Black Saturday Release Date: 21 June 2005 (USA) Genre: Action Director(s): Craig Carter Writer(s): Craig Carter Starring: Craig Carter, Dax Carter and Theaudric Davis Placing a camera beneath someone’s chin and then titling it upwards is a stupid idea for a shot. When you (the director) repeat that shot over and over again throughout your […]

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Black Saturday
Release Date: 21 June 2005 (USA)
Genre: Action
Director(s): Craig Carter
Writer(s): Craig Carter
Starring: Craig Carter, Dax Carter and Theaudric Davis

Placing a camera beneath someone’s chin and then titling it upwards is a stupid idea for a shot. When you (the director) repeat that shot over and over again throughout your movie, you’re a stupid person.

Another dud from rappers Kane & Abel’s production company, who has brought us cinematic excrement like Only God Can Judge Me and Da Block Party, Black Saturday came to video in July. Now usually I always review Maverick Entertainment titles. For the 2005 year they’ve probably released fifty films, and I’ve only missed three. Black Saturday was one of those films, as I was so irritated while watching this poor attempt at an urban gang film that I just placed it back on my shelf and ignored it. Sadly, I was going alphabetically through my collection for films I didn’t review in 2005, and after Back by Midnight came Black Saturday.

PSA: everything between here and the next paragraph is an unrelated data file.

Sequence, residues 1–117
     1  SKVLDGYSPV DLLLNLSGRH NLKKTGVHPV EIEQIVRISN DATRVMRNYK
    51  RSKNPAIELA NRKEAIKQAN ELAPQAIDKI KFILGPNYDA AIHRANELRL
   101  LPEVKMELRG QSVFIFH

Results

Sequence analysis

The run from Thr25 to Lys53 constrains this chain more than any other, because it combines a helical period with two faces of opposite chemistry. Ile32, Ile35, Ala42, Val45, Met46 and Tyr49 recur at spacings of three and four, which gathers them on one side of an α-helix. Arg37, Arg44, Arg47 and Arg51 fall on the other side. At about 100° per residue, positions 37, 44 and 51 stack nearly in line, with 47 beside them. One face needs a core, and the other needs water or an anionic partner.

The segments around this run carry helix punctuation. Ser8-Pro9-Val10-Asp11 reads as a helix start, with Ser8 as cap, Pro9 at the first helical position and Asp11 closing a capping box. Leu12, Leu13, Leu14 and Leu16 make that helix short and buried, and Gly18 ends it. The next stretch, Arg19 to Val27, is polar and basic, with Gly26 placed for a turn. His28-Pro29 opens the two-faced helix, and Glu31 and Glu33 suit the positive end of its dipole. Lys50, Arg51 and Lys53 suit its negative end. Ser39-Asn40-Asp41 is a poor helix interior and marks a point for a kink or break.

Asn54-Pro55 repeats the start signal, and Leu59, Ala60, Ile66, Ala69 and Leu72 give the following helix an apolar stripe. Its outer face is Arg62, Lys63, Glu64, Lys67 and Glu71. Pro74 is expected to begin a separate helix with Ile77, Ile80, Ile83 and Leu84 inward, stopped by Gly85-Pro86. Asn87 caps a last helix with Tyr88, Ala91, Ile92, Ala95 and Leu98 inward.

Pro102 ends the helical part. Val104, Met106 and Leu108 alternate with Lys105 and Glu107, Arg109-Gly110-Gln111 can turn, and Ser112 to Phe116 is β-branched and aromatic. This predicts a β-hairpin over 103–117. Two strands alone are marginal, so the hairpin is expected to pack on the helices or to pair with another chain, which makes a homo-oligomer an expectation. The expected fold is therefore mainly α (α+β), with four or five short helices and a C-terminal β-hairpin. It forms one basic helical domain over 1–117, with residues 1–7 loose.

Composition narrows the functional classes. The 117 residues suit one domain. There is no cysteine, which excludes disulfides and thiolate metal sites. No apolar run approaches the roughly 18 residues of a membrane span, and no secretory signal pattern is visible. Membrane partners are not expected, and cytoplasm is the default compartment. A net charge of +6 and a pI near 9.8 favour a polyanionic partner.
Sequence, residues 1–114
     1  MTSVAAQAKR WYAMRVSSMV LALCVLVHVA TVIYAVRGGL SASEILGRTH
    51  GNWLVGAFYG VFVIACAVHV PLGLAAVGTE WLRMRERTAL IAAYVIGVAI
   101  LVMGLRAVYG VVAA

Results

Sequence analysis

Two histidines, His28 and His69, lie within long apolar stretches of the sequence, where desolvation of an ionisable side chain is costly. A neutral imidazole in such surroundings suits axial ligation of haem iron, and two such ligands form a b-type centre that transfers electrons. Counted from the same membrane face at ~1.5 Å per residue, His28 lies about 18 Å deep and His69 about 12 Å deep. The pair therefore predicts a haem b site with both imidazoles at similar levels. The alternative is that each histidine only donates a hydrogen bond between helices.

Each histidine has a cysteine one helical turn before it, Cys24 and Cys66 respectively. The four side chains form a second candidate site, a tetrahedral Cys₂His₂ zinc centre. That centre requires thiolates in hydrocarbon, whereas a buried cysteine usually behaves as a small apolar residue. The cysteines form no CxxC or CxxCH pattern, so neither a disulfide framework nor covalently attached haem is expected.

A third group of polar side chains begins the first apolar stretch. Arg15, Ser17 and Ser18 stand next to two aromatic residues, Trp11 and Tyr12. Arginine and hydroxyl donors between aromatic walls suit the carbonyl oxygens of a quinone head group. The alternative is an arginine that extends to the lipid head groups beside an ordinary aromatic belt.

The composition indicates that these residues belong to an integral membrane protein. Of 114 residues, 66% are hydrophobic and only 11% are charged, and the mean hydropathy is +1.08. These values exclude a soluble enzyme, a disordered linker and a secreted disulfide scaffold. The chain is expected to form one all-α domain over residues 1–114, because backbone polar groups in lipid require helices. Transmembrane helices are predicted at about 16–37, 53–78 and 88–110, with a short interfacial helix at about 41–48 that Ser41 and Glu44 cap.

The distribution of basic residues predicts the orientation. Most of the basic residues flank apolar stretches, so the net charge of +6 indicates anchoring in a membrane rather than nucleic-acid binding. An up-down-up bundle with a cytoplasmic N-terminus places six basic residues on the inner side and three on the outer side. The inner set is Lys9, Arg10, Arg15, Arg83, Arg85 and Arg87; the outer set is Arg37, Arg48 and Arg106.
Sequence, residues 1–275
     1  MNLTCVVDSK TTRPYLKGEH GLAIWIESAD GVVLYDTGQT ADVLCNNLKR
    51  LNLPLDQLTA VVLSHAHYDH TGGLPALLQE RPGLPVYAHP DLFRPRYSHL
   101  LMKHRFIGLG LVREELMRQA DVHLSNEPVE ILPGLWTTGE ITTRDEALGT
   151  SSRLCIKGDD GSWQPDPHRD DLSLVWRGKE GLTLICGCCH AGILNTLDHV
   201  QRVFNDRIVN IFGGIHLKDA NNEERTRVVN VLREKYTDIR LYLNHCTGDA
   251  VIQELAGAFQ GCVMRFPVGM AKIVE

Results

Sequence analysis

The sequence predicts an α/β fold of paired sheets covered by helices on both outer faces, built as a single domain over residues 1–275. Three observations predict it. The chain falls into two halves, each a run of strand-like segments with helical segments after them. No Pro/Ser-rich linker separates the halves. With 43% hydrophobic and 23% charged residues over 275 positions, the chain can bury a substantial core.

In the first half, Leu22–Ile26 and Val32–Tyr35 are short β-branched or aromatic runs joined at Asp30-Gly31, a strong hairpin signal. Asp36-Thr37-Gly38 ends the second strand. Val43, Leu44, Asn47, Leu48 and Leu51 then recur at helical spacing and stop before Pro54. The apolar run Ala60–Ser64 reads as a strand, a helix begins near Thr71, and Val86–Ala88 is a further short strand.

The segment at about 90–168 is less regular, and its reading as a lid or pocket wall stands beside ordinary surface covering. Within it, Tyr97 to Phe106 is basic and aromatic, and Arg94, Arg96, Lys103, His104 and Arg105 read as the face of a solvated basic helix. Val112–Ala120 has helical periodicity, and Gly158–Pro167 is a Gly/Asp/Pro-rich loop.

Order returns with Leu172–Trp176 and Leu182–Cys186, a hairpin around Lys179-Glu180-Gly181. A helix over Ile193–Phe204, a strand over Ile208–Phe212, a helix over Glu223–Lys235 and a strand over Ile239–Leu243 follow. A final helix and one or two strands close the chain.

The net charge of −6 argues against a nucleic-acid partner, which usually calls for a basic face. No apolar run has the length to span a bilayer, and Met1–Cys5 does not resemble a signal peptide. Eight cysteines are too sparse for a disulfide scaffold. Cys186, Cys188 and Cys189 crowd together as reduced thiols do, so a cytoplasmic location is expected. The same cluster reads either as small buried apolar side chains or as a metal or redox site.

The notorious Gary Guns just got out of a jail a week ago after serving ten years in prison. He makes an attempt to go straight, working as a cook in a fast food restaurant, but it doesn’t take long for him to blow up and quit. Apparently there is no middle ground for him (this is urban cinema we’re talking about here), as he immediately goes back to being a thug. He pistol whips a fat fuck who can’t act, and then proceeds to hook up with Twan, an asshat who plays video games all day long, to go back into crime. Meanwhile, there’s Kane and Abel displaying their lack of talent as X and Dro, a pair of drug dealers, and Tasha, the daughter of a prominent politician that just wants to become a singer.

There are a few other characters too, and when you consider that they’re all packed into a seventy-two minutes film, you can see where the problems begin. It’s not intelligible like so many urban films, which is its one true positive, but it still makes for an unpleasant experience.
DVD: Barebones.

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Black Saturday, 3.0 out of 10 based on 1 rating

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